Recently I was reading an interview with J.K. Rowling, author of the much-loved and critically acclaimed Harry Potter series, in Time Magazine and she said, “It is impossible to live without failing at something. Unless you live so cautiously that you might as well not have lived at all. In which case, you fail by default.” She was rejected by 12 publishers and had no idea that her path to failure would one day prove so successful. Failure is scary, but recovering from failure (and doing it often) accelerates our ability to grow from our experiences.

#5 – Realize your courage

So many of us live out fantasies in our heads about good or bad things that might happen – most of which never do. It is said that 95 percent of what we’re afraid of never even happens, and the other 5 percent are things we can’t control. We spend an inordinate amount of energy focusing on the what ifs. Have you ever paid attention to how much time you spend worrying about things that might happen? There have been multiple studies (like these) about the emotional and physical health benefits of mindfulness; that is, living very consciously in what’s really happening right now. Remember, courage is not the absence of fear. Courage is being afraid and working through the discomfort. Courage means you allow challenge and adversity to be a catalyst to help you grow strong enough to face whatever life throws at you.

You’ve got everything it takes to make this year everything you want it to be and more. Celebrate everything that you’ve already accomplished and believe in the person that you are capable of becoming.

Make this the year you realize that you are courageous, you are resilient, and you are strong enough!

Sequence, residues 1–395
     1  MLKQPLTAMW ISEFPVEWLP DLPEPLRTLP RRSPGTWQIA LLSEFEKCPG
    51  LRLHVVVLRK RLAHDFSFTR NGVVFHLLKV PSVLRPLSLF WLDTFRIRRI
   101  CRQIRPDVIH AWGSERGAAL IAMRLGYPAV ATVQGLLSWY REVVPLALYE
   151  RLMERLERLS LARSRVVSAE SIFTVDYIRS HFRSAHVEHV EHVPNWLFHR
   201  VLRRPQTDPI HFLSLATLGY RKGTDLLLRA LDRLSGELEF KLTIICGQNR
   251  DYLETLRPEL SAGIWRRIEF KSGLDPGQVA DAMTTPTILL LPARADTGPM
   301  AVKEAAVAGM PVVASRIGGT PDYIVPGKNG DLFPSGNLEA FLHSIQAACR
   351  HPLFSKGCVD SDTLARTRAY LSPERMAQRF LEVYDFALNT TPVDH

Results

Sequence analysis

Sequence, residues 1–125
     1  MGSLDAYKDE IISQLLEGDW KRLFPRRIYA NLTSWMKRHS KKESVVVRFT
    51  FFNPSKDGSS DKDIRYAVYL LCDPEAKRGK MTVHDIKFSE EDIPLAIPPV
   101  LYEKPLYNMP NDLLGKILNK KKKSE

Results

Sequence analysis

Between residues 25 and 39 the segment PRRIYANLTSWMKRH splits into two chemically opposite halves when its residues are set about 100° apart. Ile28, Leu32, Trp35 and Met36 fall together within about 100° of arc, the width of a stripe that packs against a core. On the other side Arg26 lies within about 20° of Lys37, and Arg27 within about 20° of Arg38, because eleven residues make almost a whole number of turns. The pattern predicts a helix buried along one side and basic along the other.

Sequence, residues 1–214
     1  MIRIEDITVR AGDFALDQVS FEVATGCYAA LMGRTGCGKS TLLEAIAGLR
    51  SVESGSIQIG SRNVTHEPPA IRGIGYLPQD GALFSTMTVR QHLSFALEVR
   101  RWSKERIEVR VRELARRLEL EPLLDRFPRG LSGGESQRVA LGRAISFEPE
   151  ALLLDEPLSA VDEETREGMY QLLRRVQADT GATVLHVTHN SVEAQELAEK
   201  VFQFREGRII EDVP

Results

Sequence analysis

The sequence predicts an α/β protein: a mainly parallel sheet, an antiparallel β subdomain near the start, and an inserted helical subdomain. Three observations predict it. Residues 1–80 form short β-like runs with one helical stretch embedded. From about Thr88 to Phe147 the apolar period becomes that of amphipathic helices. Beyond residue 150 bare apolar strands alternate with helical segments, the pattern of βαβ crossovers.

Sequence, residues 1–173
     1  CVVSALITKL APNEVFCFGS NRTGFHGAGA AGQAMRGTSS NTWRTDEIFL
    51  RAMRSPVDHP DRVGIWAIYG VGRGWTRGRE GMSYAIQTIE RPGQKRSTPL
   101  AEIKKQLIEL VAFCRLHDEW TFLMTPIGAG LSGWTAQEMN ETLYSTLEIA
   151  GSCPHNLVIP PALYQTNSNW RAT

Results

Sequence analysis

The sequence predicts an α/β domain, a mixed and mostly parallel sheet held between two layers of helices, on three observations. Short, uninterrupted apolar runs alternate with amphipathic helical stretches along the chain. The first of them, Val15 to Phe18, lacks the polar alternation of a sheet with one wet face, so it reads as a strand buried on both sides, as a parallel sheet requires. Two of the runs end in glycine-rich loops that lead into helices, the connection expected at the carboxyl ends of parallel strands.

Time to reflect. 🌈😂 #fridayfunny #dadjokes ...

If you can’t say something nice, don’t say anything at all.

Most of us are taught this simple lesson when we are kids. Unfortunately, it is not always practiced once we are adults. The human tendency to attribute our behavior to our intent and others’ behaviors to the type of person they are is referred to as the fundamental attribution error. Someone runs a stop sign, and we think they are a jerk. We run a stop sign and “oops”.

Regardless of our intentions, people only know what they see through our actions, and we only know what we see through the actions of others. In between our intentions and our actions lies a chasm.

How do you bridge the gap between intentions and actions? Try the following strategies 👆👆

Sometimes we inadvertently make our life a whole lot more difficult than it needs to be. It’s time to help others help you. #mindfulmonday ...

Ah, difficult conversations. You know, that conversation with your partner, co-worker, boss, or family member that you just don’t want to have.

While there is no magic formula that applies to every tough conversation, I have found that the following 7-steps makes it much easier. 🗣️

When we can separate our identity from our abilities, we are able to learn from failure, rather than assign judgment. #mindfulmonday #growthmindset #mindfulness #personalgrowth #success ...

Building resilience is a journey, y’all. 🤠💪 ...

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Anne Grady is a Speaker, Author, and #TruthBomb Dropper.

Anne shares practical strategies that can be applied both personally and professionally to improve relationships, navigate change, and triumph over adversity. And she’ll make you laugh while she does it. Anne is a two time TEDx speaker, and her work has been featured in numerous media outlets, including Harvard Business Review, Entrepreneur, Forbes, Fast Company and Inc. magazines, CNN, ESPN, and FOX Business. She is the best selling author of 52 Strategies for Life, Love & Work and Strong Enough: Choosing Courage, Resilience and Triumph.